Friday , October 22 2021

From glass to 3D in minutes – ScienceDaily


In a recent study by one researcher, the UCLA / Caltech team has shown that it can produce small molecules such as hormones and medications no less than 30 minutes. It was a few hours before, and even less.

The group used technique called microelectric diffraction (MicroED), which learned the 3-D molecules, especially proteins, in the past century. In this new study, researchers have shown that this technique can be used for small molecules, and that this process takes much less time than is expected. In contrast to some of the methods, some of them are the salt grains of growing crystals – this method can work with the powder mill starting from the mill, and sometimes even boxing, as the new study shows.

"We've taken the lowest sand specimens and have taken them at any time," says chemistry professor Caltech Brian Stolz, co-author of a new study published in the magazine. ACS Central Science. "When I saw the results for the first time, my work lay on the floor." In the original edition of Chemrxiv's print server, in mid-October, it contained more than 35,000 views.

The method works best on small molecular models, when the specimens look simple powder, they actually contain about a billion times smaller crystals than dust. Researchers knew about these hidden microcrysts, but did not realize that they could easily open the crystalline molecular structure through MicroED. "People do not think how often microscopes are in powder specimens," says Stolz. "It's like science fiction, and I think it's going to be my life, and these structures can be seen in powders."

There are consequences for chemists who want to detect the structure of small molecules, whose results are determined to be less than about 900 daltons. (A dallon is the mass of the hydrogen atom.) These small compounds include some of the chemicals found in nature, some biological substances such as hormones, and some therapeutic preparations. Potentially add-ons of the MicroED's structured methodology include drug detection, criminal laboratory analysis, medical testing, and more. For example, according to Stolz, the method can be used by athletes to test the most effective productivity, but only the number of chemicals.

"The slowest step in the production of new molecules determines the structure of the product as it promotes organic chemistry by revolution," said Kertic Victor and Elizabeth Atkins, professor of chemistry, Robert Grabbs, and Nobel Prize winner in chemistry in 2005, who did not take part in the study. "The last major breakthrough in defining the structure was by nuclear magnetic resonance spectroscopy, which was introduced by Robert Roberts in Caltex in the late 1960s."

Like other synthetic chemists, Stoltz and its team are trying to figure out how to collect chemicals from the main materials in the laboratory. Their laboratory prioritizes natural small molecules, such as beta-lactam family, which extracts of compounds belonging to penicillins. In order to make these chemicals, they must determine the structure of the molecules in their reactions – to see if intermediate molecules and end products are in the right path.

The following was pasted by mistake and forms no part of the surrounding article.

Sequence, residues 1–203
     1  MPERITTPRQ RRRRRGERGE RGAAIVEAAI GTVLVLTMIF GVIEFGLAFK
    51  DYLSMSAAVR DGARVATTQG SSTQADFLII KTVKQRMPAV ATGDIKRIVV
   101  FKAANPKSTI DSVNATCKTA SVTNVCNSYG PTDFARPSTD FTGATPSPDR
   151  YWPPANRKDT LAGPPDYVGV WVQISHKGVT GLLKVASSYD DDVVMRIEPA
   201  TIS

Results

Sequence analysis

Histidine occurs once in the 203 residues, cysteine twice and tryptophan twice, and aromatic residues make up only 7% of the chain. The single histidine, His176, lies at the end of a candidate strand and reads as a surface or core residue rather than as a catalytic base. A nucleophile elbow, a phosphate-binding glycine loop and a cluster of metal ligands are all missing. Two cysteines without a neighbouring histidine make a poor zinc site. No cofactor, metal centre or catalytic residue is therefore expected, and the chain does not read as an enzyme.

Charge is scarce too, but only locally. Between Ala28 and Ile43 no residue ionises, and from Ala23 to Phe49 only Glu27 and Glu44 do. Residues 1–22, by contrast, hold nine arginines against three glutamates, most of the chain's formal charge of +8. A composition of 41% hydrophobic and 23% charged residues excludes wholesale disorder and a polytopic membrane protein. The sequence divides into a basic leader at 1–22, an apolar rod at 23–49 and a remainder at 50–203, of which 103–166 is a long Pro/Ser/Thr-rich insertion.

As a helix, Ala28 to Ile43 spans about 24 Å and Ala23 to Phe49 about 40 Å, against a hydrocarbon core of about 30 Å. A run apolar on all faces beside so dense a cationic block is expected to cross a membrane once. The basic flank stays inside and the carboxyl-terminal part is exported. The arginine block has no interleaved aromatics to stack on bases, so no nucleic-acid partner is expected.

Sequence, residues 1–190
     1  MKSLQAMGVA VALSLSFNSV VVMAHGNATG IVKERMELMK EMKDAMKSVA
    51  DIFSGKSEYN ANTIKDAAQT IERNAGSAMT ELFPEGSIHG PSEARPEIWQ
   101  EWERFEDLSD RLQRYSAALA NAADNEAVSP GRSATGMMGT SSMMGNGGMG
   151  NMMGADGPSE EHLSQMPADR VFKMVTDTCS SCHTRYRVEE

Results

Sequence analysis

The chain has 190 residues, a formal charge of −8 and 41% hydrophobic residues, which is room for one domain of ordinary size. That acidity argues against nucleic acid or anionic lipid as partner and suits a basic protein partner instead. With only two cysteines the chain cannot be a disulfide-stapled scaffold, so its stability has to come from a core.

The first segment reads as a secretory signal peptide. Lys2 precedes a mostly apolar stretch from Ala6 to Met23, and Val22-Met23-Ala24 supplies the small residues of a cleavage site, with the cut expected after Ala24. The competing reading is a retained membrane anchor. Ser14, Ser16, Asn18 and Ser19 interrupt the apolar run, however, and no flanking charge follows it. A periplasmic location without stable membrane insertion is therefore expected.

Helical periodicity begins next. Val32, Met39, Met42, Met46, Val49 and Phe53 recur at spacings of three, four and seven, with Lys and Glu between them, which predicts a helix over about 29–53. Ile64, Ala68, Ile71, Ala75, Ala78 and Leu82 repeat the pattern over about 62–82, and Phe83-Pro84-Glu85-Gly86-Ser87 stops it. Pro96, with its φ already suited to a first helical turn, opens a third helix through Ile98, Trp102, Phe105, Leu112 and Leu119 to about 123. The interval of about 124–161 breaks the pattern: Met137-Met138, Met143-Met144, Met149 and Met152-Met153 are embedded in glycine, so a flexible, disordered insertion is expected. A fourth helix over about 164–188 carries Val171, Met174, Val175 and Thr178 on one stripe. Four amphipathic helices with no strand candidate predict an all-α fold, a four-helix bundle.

One of the ways to do this is an X-ray crystallography that contains X-rays that separate the chemical from the atoms. The diffracting X-rays sample shows the 3-D structure of the targeted chemistry. Often this method is used to solve the structure of large molecules, such as complex membrane proteins, but also to small molecules. The problem is that to do this, the chemist needs to build a well-sized three-dimensional particle, which is not always easy. Stolz says: "Once I tried to get the right crystal for one of my models.

Another reliable method is that crystals are not needed, but require a large number of NMR (nuclear magnetic resonance) patterns. NMR also provides indirect structural information.

Previously, trace elements are similar to X-ray crystals, but they use electrons instead of x-rays – are mainly used in crystalline proteins rather than in small molecules. The author of the UCLA's electronic crystal graphics author, author Tamer Honsen, began working on Howard Hughes Medical Institute in Virginia, for the production of proteins for MicroED technology. After moving to UCLA, he began to think about the use of the method in small molecules. With Caltech.

"Tumor has been used with this protein technique and they can only work occasionally using powdered specimens of proteins," says Jose Nelson, Associate Professor of the Department of Chemistry and Biochemistry UCLA (PhD & # 13). "In my opinion, because these crystals did not have to grow, I realized that we could inject this method into a new class of molecules that would have a wider effect on all types. chemistry

The team tested several different properties, never attempted to crystallize and was able to detect their structures thanks to their extensive microcrystals. They managed to obtain designs for Tylenol and Advil drugs, and they were able to identify specific structures from the powder mixture of four chemicals.

The UCLA / Caltech group hopes that this will be a daily routine in chemistry labs.

"Our labs have pupils and post-doctors who make new and unique molecular laws daily," says Stolz. "Now we can quickly determine if they can change their synthetic chemistry."

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